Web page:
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An Israeli model for putting the SAT to the test

To the editor: Karin Klein addresses the value of the SAT in predicting college success. ("A better SAT, or just a better bottom line for the College Board?" Opinion, March 4)

Typically, top colleges and universities admit only those with good-to-excellent SAT scores. In order to really measure the predictive value of the SAT test, those colleges would have to admit students with a wider range of scores. These students would be followed throughout their college years, and the colleges could then determine which aspects of the SAT were good predictors and which ones were not, and which aspects of success in college (dropout rates, grades in different subjects, difficulty of classes and so on) can be predicted by the test.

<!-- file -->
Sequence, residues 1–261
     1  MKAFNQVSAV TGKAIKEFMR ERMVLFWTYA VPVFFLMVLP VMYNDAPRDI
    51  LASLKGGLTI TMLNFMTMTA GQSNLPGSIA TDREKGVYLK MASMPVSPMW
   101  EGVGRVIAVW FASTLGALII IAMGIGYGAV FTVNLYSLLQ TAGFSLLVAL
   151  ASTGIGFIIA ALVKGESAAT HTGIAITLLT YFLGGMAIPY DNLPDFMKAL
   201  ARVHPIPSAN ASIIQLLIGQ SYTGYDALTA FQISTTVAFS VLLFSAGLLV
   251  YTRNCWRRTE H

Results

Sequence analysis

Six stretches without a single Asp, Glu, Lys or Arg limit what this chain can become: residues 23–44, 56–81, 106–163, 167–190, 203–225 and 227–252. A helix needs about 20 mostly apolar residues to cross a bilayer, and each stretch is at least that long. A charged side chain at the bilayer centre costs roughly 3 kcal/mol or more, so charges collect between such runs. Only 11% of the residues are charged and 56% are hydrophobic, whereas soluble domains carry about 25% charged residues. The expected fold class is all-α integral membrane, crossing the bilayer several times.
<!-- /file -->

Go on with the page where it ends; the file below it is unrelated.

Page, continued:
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When I was an undergraduate at the Hebrew University in Jerusalem, the department of psychology did just that. (In Israel you apply to a specific department, and acceptance is based on an entrance test.) For one year it accepted twice as many students, including those whose scores were not as good, and that enabled them to refine the entrance exam.

Maya Levinson, Los Angeles

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